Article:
It’s very important to have an innovative, healthy ingredients portfolio. Both customers and competitors admire us for having this portfolio and the ability to create the solutions for healthy ingredients, because without them, we would not have the leadership that we do in the industry.

We are the texturizer leader in the food ingredient space, so people look to us for this. We have teams focused on different portfolio trends that work on new solutions that build upon the different products we have. This makes us a leader and unique and helps us continue to focus on what we need to do to be successful in serving the market.

How critical is brand awareness for Ingredion?

We rebranded the company partly because when National Starch and Corn Products got together, we wanted to create a new culture, so we needed a new name.

However, it was mainly necessary to ensure our customers would view us as a leading ingredient supplier. They know who we are, but the average person does not, which is okay. I also want our employees to wake up every day remembering that they work for Ingredion and their job is to create value for shareholders and customers. By rebranding, it gives our employees a sense of pride and ownership and identity that didn’t exist when we were a different company with too many different identities.

Women Leaders-EB

We believe in our employees and in the
health and well-being of our communities because that’s where we operate.

Women Leaders-EB

Is it difficult to find a balance between managing short-term pressures with long-term strategy for the company?

My job is to have a long-term shareholder view. We communicate frequently with our investors about our long-term strategy and our algorithm for creating value, and we constantly remind them of that.

I don’t worry that there is pressure on the short-term or long-term – we have to face both. We have to be able to create value over the long term and we don’t want to make decisions based on short-term trends because this is a long-term business. Many of our capital investments can take a few years to get the right payoff, so we have to be able to look at the trends and find a balance. We also have to deliver on our commitment.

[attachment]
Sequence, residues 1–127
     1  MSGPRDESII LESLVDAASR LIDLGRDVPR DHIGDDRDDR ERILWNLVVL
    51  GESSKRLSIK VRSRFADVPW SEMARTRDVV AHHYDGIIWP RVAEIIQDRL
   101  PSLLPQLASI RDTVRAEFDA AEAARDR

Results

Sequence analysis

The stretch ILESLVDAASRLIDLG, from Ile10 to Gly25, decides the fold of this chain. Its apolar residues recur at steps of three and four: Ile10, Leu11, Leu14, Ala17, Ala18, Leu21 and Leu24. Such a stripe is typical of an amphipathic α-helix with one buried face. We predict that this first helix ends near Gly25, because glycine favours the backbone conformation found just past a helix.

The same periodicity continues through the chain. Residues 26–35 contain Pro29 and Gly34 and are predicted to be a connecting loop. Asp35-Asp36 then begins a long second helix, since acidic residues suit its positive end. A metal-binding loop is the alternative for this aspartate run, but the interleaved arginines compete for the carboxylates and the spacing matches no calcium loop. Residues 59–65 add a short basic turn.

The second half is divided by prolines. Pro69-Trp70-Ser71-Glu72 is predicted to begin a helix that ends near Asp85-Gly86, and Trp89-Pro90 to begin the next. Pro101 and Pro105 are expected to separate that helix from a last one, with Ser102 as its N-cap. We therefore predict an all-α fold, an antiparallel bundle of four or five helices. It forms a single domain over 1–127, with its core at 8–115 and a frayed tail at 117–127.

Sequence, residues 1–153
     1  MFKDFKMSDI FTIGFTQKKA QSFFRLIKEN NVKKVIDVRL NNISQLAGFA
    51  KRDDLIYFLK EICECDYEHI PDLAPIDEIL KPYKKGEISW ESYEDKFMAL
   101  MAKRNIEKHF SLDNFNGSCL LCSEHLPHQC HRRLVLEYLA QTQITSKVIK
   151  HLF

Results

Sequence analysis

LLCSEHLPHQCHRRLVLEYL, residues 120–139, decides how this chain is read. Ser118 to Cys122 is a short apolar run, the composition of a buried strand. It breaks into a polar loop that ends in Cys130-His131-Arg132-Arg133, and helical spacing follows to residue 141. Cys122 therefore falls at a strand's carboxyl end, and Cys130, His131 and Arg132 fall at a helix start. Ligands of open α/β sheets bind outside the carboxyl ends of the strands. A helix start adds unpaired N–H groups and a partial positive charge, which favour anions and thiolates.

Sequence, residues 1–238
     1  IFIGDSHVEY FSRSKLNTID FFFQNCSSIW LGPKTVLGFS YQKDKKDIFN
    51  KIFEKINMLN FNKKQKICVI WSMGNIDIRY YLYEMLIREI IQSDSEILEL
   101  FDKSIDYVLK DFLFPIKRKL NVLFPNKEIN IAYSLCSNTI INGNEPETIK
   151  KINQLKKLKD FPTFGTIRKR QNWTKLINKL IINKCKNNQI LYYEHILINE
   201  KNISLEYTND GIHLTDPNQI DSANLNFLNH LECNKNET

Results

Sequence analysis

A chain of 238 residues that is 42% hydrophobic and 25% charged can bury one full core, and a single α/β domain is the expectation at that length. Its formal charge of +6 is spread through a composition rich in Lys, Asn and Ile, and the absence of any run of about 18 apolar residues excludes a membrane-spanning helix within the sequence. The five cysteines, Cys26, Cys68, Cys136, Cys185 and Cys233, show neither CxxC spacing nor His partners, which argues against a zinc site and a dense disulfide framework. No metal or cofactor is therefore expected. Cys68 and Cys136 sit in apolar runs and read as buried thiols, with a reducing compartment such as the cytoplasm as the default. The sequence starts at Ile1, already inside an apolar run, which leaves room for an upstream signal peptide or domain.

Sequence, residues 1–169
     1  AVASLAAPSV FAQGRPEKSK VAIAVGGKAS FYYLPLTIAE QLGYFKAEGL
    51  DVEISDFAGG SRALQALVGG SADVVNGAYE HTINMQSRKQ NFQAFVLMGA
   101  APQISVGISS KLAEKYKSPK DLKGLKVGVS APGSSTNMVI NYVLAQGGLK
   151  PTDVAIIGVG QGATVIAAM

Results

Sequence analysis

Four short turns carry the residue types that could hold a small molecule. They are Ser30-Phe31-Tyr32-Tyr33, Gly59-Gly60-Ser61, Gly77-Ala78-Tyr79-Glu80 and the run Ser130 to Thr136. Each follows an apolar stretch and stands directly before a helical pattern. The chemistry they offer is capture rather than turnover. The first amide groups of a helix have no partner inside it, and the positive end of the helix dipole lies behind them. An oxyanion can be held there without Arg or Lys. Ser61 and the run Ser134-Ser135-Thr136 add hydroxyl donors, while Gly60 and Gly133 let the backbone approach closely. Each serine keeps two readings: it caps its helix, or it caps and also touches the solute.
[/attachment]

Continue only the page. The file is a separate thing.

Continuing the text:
How critical has the focus on diversity and inclusion been for Ingredion?

I’ve always practiced being part of a diverse and inclusive company and, over the course of my career, I have had the chance to work for global companies. I believe in treating others how I would like to be treated, so I look at diversity and inclusion as important to delivering on our commitments.

The first way we do that is by having a diverse board. We have four females, two Latino males and one African-American male, because a diverse board of different cultures, genders and backgrounds can make the best decisions since everyone will have a different point of view.

We also insist upon having a diverse leadership team, so it’s up to my team and me to always look for opportunities to encourage diversity and inclusion. We are now measuring to ensure that every job that is going to get filled starts with a slate of diverse candidates. It’s fundamental to encouraging the kind of growth we are experiencing and we make sure people are accountable for this.

By doing this, we send a message that everyone is valued for their backgrounds and experiences. It also makes for the best decision-making, and is how we win in the marketplace.

Is the right dialogue taking place to improve upon the role of women in the industry?

There are two pieces that we need to drive success in this area. I’ve always believed in the importance for women to have STEM backgrounds. I spend a lot of energy encouraging young women at Ingredion to do this. Women with an analytical background can get an equal seat at the table.

I also believe that senior leadership must be accountable for creating openness and a diverse and inclusive environment. That is my job and the job of my board and leadership team.

If we attract and develop women with STEM backgrounds and we create an environment that encourages their success, we can be very successful as well.

Will you discuss what makes corporate responsibility so important for Ingredion and how deeply it is rooted within the company culture?